People in Indiana naturally work hard for their hourly wages or salaries. In fact, many individuals end up working over 40 hours a week just so that they can create better lives for their families and for themselves. Unfortunately, in some cases, they end up not being compensated for all of the hours they have worked and thus get paid less than owed.
It is unlawful for employers in Indiana and other states to discriminate against their workers on the basis of protected classes, such as gender and race. In one recent case in another state, a woman claimed that the city for which she worked had specifically engaged in race discrimination toward her. She has filed a lawsuit against her employer.
In most states, employers are required to pay workers on a regular basis. In most cases, employers opt to pay workers on a weekly or biweekly schedule. However, it may only be necessary for an employer to give written notice as to when an employee is going to receive his or her paycheck. For those who are classified as independent contractors, the pay schedule is usually negotiated as part of the agreement between the two parties.
As many servers here in Indiana will agree, tips are the lifeblood of the profession. That's because most states across the nation, like Indiana, allow for a lower hourly minimum wage because employers in the industry assume that the tips received from patrons will offset the low pay and bring employees up to the state and federal minimum wage.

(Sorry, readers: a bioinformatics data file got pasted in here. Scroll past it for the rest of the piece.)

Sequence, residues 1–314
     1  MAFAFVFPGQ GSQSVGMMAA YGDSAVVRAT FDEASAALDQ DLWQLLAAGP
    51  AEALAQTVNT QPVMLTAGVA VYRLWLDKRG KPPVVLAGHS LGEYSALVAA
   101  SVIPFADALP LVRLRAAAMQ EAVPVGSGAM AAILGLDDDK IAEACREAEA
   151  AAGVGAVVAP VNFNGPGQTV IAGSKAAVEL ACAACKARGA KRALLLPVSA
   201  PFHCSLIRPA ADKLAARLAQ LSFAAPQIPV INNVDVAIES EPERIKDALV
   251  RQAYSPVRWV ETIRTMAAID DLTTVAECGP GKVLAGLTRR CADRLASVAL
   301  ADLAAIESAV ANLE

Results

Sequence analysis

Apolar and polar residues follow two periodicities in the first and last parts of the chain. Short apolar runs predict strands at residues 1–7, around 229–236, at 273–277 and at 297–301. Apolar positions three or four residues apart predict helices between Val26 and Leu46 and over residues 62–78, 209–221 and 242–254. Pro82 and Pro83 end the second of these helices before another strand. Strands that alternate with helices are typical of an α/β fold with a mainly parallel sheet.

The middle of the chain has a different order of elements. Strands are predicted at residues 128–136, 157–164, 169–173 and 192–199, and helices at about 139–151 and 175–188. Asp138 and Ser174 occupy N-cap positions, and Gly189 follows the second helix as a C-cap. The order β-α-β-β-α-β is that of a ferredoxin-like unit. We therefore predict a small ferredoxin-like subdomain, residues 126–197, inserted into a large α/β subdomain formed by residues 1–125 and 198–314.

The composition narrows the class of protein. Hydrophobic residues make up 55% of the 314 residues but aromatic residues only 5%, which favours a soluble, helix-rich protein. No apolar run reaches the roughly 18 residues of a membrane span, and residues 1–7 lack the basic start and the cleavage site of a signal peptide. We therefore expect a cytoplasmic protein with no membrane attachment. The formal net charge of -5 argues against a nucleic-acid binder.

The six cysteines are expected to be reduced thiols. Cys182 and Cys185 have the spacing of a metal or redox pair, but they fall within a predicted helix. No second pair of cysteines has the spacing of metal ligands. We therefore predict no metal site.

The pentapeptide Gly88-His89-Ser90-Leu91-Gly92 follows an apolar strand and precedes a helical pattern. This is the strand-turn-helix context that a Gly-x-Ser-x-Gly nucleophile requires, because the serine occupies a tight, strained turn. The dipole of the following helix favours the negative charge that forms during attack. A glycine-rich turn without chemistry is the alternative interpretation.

We see them everywhere we go in Indiana, with their brightly colored signs and the smell of fryer oil floating on the breeze. We're talking of course about fast-food restaurants. It's no surprise to readers of our blog though, or anyone in America for that matter, that for as much business as these companies drum up in a year, their workers are still considered to be some of the most underpaid as well.
If you've ever looked for a job in a newspaper or on a popular job-search website, chances are you've seen a posting for an internship. And while you may have been tempted by the job description-perhaps it sounded like your dream job-you were probably disappointed by the fact that it was an unpaid internship.
As the cost of living continues to rise across the nation, many people-including those here in Indiana-are finding it harder and harder to support themselves. Because despite the fact that companies are finally starting to rebound after the recession, wages continue to flounder.
We've all seen or heard at one time or another of a story in which a worker sues their former employer for violating employment laws. This has especially been the case with more and more people in low-wage jobs who are finally coming forward with complaints about employers paying them less than minimum wage.
A federal lawsuit was filed this month in an Indiana District Court after a worker accused an Indianapolis staffing company, Access Therapies, of not only abusing legal foreign workers but violating federal labor laws as well.
People in Indiana and across the United States may already be aware of the heated situation between Walmart and its employees. In what started as a strike involving warehouse workers for Walmart's distribution centers has exploded into a company-wide strike that now includes cashiers and other store employees.